Allowing or Denying the X-Forwarded-For header to be followed to
find the original source of a request.
Requests may pass through a chain of several other proxies
before reaching us. The X-Forwarded-For header will contain a
comma-separated list of the IP addresses in the chain, with the
rightmost address being the most recent.
If a request reaches us from a source that is allowed by this
configuration item, then we consult the X-Forwarded-For header
to see where that host received the request from. If the
X-Forwarded-For header contains multiple addresses, we continue
backtracking until we reach an address for which we are not allowed
to follow the X-Forwarded-For header, or until we reach the first
address in the list. For the purpose of ACL used in the
follow_x_forwarded_for directive the src ACL type always matches
the address we are testing and srcdomain matches its rDNS.
The end result of this process is an IP address that we will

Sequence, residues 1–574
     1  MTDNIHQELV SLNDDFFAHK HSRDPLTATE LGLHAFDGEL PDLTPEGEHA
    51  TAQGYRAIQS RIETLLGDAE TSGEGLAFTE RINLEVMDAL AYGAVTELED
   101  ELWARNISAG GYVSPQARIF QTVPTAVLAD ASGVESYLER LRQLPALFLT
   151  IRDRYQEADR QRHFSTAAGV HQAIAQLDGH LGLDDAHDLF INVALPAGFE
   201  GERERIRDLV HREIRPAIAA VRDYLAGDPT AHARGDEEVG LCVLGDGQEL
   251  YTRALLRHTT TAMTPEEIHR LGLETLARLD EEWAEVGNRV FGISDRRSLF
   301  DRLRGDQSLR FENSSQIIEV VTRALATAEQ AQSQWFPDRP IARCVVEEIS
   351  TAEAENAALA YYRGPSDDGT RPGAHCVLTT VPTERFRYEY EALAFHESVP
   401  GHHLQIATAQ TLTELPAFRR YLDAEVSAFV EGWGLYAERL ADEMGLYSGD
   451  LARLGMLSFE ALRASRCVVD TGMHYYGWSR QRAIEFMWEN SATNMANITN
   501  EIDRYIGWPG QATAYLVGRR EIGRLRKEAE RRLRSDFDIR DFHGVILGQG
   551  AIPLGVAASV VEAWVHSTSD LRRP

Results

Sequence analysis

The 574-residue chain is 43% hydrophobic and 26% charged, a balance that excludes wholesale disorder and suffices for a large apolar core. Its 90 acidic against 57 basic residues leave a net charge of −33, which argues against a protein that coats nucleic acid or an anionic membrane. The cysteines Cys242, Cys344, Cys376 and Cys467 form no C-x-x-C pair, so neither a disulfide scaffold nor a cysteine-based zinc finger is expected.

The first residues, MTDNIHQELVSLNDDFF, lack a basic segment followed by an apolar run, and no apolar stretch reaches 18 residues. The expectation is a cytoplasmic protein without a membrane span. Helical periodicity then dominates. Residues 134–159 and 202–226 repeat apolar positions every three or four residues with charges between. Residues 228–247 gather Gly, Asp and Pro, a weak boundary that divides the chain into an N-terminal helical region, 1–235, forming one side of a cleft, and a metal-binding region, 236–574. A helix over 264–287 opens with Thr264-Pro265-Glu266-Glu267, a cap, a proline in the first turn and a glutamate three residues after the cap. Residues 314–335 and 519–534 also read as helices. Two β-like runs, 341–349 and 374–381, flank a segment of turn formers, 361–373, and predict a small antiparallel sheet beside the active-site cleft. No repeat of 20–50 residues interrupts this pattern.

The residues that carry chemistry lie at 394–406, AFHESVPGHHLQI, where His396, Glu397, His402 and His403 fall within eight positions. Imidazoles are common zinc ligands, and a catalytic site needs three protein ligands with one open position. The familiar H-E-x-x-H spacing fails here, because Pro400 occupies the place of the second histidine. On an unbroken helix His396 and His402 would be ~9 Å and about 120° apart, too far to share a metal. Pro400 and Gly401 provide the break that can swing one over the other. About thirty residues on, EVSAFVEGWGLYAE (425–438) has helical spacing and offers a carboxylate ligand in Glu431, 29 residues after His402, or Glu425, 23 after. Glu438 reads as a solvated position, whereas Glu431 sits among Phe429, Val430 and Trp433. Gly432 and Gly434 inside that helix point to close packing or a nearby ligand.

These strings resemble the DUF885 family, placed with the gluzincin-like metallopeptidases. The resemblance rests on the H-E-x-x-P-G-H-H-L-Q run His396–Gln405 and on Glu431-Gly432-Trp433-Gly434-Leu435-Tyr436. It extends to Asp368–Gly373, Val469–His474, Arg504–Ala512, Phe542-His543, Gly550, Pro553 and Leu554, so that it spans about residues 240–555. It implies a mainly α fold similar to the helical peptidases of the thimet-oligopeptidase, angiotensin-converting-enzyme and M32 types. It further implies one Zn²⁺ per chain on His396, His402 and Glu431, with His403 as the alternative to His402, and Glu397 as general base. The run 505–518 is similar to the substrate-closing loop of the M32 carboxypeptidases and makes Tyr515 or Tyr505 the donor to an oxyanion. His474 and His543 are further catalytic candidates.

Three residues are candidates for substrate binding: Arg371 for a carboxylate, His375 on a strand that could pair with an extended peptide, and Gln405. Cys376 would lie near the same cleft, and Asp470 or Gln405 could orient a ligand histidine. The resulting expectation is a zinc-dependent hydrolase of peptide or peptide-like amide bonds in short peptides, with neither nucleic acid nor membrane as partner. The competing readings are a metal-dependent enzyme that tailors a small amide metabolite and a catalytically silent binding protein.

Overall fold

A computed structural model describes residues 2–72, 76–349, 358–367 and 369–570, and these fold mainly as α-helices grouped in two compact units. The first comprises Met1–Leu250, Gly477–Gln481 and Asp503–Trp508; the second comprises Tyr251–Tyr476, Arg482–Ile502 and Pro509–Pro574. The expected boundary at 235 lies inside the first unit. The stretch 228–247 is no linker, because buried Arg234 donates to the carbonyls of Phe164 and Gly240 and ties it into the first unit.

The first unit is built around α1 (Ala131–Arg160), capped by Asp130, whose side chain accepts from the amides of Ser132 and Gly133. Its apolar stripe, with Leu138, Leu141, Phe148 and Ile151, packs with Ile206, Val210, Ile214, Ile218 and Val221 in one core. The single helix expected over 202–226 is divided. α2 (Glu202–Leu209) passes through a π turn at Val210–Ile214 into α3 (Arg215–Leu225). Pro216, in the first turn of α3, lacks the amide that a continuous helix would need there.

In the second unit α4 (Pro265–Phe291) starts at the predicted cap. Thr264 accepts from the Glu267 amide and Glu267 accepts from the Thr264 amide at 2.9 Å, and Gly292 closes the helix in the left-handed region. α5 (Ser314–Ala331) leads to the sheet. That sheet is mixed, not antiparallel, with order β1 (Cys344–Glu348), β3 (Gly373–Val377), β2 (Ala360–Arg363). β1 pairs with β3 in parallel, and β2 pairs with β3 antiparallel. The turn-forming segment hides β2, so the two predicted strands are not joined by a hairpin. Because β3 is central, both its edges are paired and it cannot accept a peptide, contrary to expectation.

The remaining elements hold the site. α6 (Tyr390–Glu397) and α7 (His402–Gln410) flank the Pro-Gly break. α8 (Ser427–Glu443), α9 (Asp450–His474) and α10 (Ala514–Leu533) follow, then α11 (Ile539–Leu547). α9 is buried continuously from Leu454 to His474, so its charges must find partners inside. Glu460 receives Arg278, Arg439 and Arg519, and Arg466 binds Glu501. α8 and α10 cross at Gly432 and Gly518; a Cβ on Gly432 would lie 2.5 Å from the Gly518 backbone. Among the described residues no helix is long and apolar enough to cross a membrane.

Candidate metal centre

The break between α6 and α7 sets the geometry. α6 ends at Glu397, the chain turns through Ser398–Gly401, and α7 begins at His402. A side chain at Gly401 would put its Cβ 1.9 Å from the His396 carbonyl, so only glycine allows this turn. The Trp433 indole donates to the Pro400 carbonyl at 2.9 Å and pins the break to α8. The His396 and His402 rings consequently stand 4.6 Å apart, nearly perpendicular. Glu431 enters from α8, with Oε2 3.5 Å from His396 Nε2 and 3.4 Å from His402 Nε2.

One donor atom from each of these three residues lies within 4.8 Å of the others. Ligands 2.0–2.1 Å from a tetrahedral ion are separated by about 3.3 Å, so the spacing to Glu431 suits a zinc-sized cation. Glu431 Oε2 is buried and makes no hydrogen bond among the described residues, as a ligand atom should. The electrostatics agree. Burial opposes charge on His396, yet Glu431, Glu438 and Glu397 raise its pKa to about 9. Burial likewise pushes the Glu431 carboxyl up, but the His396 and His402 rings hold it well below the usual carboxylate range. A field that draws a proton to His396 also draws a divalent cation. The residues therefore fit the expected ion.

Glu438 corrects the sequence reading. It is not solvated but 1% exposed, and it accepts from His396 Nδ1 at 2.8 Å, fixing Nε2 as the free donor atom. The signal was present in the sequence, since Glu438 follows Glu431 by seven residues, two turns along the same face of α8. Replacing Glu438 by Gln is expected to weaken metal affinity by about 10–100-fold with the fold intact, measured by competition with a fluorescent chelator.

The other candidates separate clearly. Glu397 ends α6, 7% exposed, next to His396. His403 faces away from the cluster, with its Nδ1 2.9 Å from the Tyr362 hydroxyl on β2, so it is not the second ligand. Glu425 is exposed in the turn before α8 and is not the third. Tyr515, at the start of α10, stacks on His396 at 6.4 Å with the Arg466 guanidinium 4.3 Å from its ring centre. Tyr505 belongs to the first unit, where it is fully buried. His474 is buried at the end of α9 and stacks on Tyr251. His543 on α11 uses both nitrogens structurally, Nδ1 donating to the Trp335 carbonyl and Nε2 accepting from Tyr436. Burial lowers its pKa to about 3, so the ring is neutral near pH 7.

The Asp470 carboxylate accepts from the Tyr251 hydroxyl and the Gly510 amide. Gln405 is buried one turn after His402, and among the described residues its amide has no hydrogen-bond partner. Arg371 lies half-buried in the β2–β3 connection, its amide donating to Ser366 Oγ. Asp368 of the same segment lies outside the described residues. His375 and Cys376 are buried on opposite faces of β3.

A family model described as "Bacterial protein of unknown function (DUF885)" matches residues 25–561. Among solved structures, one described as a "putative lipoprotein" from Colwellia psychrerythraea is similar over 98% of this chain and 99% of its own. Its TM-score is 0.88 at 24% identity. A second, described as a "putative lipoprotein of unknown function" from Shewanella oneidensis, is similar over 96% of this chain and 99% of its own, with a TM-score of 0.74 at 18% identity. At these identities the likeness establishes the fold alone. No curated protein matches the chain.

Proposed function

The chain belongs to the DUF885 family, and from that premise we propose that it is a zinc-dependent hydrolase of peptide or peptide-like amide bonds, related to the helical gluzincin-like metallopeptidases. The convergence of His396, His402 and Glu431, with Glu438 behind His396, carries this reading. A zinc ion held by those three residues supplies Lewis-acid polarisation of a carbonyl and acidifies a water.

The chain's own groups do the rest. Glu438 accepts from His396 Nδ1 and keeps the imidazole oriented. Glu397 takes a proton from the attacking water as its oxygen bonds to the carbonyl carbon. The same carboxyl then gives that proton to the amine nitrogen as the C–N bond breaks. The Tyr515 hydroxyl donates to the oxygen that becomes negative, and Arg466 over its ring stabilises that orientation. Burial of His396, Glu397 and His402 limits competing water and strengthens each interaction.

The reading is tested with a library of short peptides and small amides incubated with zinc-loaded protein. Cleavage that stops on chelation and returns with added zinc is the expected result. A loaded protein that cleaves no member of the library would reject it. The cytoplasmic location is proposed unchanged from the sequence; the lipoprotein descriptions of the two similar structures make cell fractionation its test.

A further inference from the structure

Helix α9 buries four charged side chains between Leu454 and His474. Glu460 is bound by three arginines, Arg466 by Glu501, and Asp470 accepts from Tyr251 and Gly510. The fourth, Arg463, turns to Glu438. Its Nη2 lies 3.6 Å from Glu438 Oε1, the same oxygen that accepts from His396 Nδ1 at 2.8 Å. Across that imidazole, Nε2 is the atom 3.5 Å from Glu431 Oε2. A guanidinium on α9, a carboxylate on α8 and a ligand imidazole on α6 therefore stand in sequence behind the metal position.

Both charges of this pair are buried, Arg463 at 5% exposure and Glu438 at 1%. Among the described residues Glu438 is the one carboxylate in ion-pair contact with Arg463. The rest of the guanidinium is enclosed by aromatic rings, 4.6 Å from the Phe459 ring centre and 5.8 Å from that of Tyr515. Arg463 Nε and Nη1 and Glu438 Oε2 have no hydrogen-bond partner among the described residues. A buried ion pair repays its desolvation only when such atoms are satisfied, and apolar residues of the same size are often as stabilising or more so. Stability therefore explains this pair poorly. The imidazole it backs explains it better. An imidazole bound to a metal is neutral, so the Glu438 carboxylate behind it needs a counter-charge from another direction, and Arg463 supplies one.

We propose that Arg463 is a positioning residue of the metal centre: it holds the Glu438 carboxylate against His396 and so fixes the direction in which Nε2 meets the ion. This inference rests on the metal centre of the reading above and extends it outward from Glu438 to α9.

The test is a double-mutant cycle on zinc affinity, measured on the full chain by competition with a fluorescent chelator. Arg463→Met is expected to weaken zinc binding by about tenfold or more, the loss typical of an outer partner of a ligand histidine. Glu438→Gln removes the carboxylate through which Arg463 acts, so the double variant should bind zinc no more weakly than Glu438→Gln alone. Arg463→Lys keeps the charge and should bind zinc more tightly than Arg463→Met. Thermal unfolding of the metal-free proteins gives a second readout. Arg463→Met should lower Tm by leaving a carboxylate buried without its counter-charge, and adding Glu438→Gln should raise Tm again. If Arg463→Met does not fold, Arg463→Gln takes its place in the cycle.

refer to as the indirect client address. This address may
be treated as the client address for access control, ICAP, delay
pools and logging, depending on the acl_uses_indirect_client,
icap_uses_indirect_client, delay_pool_uses_indirect_client and
This clause only supports fast acl types.
See http://wiki.squid-cache.org/SquidFaq/SquidAcl for details.
Any host for which we follow the X-Forwarded-For header
can place incorrect information in the header, and Squid
will use the incorrect information as if it were the
source address of the request. This may enable remote
hosts to bypass any access control restrictions that are
based on the client's source addresses.
acl localhost src 127.0.0.1
acl my_other_proxy srcdomain .proxy.example.com
follow_x_forwarded_for allow localhost
follow_x_forwarded_for allow my_other_proxy